Most of the inherited studies and data from Pharmacia was either poorly designed or unusable and was complicated by different formulations (original studies required around 30 tablets a day and the pill count was linked to poor adherence and unclear results).

As producers of nevirapine BI have established an international drug donation programme for use in pregnancy (most publicised in relation to South Africa), and given the focus of today meeting it seemed appropriate and lucky that we are able to meet with Dr Hubert Bland, Dr Kevin Curry and Dr Michael McKenna from their medical team, and Kristi Pitt who many of you already know from her role as Community Liaison.

4. Agenda for meeting

8.30-9.00 Registration
9.00-9.30 Introduction to the day
9.30-11.00 HIV, Pregnancy and Maternal Health Dr Karen Beckerman
11.00-11.30 Break
11.30-12.30 HIV Sub-fertility and Spermwashing Dr Leila Frodsham
12.30-14.00 Lunch
14.00-16.00 Boehringer:
Introduction to BI
Tipranavir (Development programme, clinical studies, expanded access programme etc)
Nevirapine – management of toxicity (rash and hepatic toxicity)
Nevirapine use in pregnancy and international programme
Drugs in development: HCV protease inhibitor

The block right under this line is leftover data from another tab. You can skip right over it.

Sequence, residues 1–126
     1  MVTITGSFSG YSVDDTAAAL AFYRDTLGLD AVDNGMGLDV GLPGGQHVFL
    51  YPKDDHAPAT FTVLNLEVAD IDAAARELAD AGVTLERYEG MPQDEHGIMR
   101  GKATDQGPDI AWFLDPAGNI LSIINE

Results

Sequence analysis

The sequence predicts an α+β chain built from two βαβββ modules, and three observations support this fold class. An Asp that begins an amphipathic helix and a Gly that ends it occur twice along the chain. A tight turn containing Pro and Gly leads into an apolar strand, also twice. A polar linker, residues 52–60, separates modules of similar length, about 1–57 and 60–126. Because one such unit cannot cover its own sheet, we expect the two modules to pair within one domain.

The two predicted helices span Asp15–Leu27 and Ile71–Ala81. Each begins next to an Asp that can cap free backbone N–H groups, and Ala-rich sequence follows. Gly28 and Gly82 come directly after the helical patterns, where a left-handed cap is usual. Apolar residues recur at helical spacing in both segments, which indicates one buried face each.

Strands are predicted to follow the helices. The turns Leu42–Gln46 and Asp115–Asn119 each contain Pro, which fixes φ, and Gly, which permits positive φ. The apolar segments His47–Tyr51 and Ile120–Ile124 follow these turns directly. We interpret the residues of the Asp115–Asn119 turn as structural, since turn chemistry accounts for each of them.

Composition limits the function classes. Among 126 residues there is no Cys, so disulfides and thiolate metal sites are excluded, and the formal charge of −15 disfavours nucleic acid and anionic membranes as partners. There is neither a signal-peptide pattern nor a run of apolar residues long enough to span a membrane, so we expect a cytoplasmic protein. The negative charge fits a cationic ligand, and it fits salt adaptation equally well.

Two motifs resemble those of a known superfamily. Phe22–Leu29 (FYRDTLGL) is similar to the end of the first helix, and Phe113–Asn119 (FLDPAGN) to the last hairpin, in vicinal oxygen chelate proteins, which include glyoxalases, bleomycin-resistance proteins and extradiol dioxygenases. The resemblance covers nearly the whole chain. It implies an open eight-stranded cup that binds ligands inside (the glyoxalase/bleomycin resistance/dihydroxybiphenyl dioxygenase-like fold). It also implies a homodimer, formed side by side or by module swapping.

16.00-16.15 Break
16.15-17.00 Internal (Feedback, conference reports, next meeting etc)


Financial support

The UK-CAB receives unrestricted funding from some pharmaceutical companies towards the direct costs of holding four meetings each year. This funding supports the travel and accommodation costs for members to attend from outside London, plus the cost of catering.

The content, programme and agenda for meetings is decided by the UK-CAB steering group in consultation with the wider membership. Funding is unconnected to meeting content.

We believe that manufacturers who currently develop and market medicines have a responsibility to actively engage with advocacy organisations and that HIV positive people and their advocates should be able to directly question manufacturers about the safety and efficacy of their products and proposals for future research.

For a list of companies that support the UK-CAB please see the “about us” page.